Jeff Rosenstock’s Album ‘Post-’ Is The Anthemic Message Of Hope We Need To Start 2018 Off Right

Senior Music Writer
01.10.18

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“We’re not gonna let them wiiiiiiiiiin / F*ck NOOOOOoooooooo!” That’s the valiant battle cry of hope punk rock hero Jeff Rosenstock leaves ringing in your ears at the end of his incredible, new album Post-. Rosenstock dropped his latest work, on the very first day of 2018, and as you pore through all nine — the first track is a five-second spoken word intro — of these defiant, angst-y, and wondrously hook-filled songs, the genius of the move becomes evident. Post- is a savage throat-clearing. A shaking off of the dogmas of a year that brought defeats, and misery, and bewilderment on a near-constant basis. 2017 was a bummer he allows. 2018 could be better if we try.

If Rosenstock’s last album Worry bottled some of the anxiety and tension that permeated the American psyche throughout 2016, Post- is a coming to grips with the fallout of the country’s decision to elect a self-serving “TV Star” to the highest office in the land. The opening track “USA” almost feels like a sonically-rendered, emotional microcosm of the night Trump got elected. First comes the bewilderment and anger. Slashing guitars, heaving drums, and the inescapable feeling that the “house burned down to the mother*cking ground!” eventually give way to an almost fugue state of feedback and sparse synth melodies as the reality of what just happened sinks in. Just as in life, however, the miasma is temporary; complaints turn into rage-fueled calls to action. Years later, when people ask me what that awful night felt like, I’d just as soon refer them to this sprawling, seven-minute piece of music.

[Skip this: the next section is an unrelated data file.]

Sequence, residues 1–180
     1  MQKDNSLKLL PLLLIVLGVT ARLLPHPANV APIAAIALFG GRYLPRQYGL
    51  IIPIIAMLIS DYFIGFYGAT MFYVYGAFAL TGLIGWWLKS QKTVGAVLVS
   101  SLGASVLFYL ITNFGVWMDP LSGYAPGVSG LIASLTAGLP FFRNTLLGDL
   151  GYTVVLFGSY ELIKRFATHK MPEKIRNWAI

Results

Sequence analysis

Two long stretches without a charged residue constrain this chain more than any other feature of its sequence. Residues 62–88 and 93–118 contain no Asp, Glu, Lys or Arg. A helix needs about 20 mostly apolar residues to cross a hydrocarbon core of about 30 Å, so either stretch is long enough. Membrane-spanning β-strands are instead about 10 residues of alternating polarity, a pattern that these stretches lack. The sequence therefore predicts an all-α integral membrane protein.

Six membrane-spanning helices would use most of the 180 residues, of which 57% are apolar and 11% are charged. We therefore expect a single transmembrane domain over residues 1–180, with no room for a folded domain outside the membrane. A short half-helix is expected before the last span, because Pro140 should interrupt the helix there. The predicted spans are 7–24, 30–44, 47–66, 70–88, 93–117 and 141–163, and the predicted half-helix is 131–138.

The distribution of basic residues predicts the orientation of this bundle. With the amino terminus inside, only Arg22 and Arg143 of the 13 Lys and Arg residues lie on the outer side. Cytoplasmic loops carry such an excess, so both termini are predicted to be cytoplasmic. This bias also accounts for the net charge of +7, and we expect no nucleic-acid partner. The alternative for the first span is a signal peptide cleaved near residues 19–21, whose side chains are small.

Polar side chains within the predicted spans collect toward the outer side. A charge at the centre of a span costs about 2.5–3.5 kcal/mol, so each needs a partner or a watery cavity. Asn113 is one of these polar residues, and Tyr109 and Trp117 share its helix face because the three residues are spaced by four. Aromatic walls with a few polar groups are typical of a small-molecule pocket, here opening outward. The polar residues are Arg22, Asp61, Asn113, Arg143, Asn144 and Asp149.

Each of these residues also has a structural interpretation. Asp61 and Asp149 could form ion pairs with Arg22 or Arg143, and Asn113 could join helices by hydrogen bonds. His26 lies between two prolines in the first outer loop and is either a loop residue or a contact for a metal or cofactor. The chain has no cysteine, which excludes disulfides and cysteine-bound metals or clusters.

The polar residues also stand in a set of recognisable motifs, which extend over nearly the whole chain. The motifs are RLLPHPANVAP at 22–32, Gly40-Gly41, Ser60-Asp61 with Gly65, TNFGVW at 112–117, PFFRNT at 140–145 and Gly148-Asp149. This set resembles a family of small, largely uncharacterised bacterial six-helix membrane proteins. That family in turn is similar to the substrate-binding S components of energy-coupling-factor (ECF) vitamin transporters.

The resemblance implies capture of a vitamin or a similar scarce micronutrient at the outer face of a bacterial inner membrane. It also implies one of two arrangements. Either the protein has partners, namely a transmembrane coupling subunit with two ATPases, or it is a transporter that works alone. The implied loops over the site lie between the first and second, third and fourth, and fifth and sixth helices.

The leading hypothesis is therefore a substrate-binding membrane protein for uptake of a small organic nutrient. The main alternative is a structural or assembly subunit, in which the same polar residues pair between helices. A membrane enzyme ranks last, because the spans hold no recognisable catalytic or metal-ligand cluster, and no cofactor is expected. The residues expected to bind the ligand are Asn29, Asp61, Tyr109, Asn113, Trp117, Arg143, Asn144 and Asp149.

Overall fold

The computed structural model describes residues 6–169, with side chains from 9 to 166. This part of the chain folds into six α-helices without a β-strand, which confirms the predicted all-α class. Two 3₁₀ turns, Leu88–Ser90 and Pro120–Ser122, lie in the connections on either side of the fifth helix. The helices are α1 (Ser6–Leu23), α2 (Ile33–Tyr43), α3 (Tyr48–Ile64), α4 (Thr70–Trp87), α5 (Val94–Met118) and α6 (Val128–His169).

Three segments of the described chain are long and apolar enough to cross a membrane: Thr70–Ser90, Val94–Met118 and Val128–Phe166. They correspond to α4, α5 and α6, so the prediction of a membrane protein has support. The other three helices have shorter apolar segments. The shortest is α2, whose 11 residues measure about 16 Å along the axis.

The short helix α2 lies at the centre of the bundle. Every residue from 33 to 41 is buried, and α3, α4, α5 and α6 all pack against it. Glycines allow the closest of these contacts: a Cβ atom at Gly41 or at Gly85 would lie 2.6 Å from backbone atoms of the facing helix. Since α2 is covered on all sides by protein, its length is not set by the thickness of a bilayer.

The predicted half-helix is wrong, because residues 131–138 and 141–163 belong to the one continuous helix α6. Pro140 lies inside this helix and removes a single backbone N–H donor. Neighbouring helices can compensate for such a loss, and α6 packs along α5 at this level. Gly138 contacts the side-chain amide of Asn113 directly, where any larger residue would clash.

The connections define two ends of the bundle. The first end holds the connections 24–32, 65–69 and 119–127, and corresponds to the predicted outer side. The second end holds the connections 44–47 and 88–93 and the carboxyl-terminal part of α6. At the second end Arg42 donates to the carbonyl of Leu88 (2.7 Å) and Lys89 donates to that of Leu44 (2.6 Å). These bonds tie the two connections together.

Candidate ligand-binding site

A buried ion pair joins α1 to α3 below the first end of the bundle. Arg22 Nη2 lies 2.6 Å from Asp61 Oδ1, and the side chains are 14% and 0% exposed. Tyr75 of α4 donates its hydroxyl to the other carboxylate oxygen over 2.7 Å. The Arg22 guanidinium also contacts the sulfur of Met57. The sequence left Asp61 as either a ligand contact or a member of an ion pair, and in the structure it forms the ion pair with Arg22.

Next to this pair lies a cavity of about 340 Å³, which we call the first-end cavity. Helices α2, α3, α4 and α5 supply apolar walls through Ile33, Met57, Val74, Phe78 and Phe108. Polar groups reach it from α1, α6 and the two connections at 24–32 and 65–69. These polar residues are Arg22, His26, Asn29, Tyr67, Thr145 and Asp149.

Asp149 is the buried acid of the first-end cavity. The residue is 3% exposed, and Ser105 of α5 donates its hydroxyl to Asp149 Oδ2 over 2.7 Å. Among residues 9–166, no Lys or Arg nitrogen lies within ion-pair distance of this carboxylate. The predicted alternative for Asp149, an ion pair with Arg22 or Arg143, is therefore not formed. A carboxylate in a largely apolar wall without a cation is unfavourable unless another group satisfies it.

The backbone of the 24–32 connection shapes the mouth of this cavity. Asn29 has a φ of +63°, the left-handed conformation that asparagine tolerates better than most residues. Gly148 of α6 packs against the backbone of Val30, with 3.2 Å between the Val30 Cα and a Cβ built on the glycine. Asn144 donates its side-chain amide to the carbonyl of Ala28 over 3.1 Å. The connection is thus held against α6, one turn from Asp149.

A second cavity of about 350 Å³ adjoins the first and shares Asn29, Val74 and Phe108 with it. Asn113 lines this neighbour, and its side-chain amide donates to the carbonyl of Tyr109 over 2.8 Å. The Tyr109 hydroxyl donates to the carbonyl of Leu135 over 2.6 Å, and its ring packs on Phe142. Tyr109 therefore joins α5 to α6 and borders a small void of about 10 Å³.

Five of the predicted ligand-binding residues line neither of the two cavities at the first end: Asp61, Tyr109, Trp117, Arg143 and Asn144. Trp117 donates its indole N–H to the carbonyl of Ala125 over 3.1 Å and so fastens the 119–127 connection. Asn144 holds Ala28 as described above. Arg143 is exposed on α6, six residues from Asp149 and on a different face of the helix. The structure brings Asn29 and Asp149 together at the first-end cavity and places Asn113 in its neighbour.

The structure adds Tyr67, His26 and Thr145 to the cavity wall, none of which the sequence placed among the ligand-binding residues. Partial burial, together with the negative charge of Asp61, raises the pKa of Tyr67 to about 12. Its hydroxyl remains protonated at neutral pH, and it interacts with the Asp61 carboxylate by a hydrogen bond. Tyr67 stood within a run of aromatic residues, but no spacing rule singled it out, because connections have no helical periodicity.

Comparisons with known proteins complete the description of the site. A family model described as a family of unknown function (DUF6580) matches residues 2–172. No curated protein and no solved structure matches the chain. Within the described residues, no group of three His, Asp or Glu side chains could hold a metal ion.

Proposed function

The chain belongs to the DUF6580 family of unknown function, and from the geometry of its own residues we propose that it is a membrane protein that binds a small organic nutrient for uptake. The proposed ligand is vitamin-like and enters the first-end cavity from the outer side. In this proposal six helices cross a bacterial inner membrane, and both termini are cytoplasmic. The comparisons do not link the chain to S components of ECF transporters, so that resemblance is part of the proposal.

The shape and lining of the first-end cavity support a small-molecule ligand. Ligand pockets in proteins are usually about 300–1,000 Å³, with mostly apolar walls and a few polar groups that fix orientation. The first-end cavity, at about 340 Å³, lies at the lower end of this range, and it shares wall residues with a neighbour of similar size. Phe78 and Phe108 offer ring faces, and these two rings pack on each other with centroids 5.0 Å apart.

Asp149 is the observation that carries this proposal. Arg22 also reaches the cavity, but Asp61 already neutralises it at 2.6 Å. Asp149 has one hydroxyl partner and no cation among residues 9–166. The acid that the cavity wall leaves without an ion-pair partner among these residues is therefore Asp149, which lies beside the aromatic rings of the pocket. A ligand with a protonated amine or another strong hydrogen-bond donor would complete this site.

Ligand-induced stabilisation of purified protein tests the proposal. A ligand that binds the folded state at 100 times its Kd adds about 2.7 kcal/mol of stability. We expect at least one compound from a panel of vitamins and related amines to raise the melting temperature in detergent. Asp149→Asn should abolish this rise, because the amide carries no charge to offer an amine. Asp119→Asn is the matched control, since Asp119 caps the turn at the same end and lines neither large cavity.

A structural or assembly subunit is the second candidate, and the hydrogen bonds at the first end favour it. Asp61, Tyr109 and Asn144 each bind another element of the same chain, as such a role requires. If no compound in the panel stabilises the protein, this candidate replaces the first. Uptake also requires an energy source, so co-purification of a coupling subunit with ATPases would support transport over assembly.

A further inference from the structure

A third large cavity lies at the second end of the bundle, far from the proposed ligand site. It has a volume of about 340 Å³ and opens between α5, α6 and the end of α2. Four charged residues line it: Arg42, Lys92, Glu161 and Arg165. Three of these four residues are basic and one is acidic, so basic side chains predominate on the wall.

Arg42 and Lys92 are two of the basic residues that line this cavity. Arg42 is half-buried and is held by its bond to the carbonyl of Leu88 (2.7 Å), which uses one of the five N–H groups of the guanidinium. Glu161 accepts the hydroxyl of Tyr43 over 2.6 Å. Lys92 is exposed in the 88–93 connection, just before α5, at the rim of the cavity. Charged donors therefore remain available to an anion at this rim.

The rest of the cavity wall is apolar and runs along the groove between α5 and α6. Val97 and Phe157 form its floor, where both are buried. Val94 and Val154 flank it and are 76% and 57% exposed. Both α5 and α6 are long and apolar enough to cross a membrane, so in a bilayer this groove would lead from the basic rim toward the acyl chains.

Post- isn’t a Trump album, however. It’s more a “what are we going to do about Trump” album. Throughout the course of the record, you get the sense of a person coming to grips with what happened to their country, while also trying to figure out what they, a single human being, can do to turn the ship around. On “All This Useless Energy,” “Beating My Head Against The Wall” he crystallizes the feeling of crushing futility we all experience in the face of forces so much larger than ourselves. On “Yr Throat” and “Powerlessness” the galvanizing discovery that your voice is a weapon. On the final track “Let Them Win,” he argues that when you combine your voice with others, you can stare down malevolence and make it blink — and the shift away from “I” and “you” pronouns that dominate Post- into the more inclusive “We” is important.

As a dyed-in-the-wool DIY-er, Rosenstock is a vital avatar to drive this important message home. He’s the kind of artist who avoids the kumbaya, hokum vibe that permeates more contrived musical offerings because he genuinely lives this shit. He innately understands the power of the collective “We” and seems eager to bring others into the tent. It makes me remember the first time I had the pleasure of catching him live this last summer, during his now infamous early-afternoon set at the Pitchfork Music Festival in Chicago. Rosenstock hit the stage just before 2 PM on the second day and proceeded to subvert his very presence with a joyous abandon. Even more incredibly, he made us all willing and enthusiastic participants on the joke.

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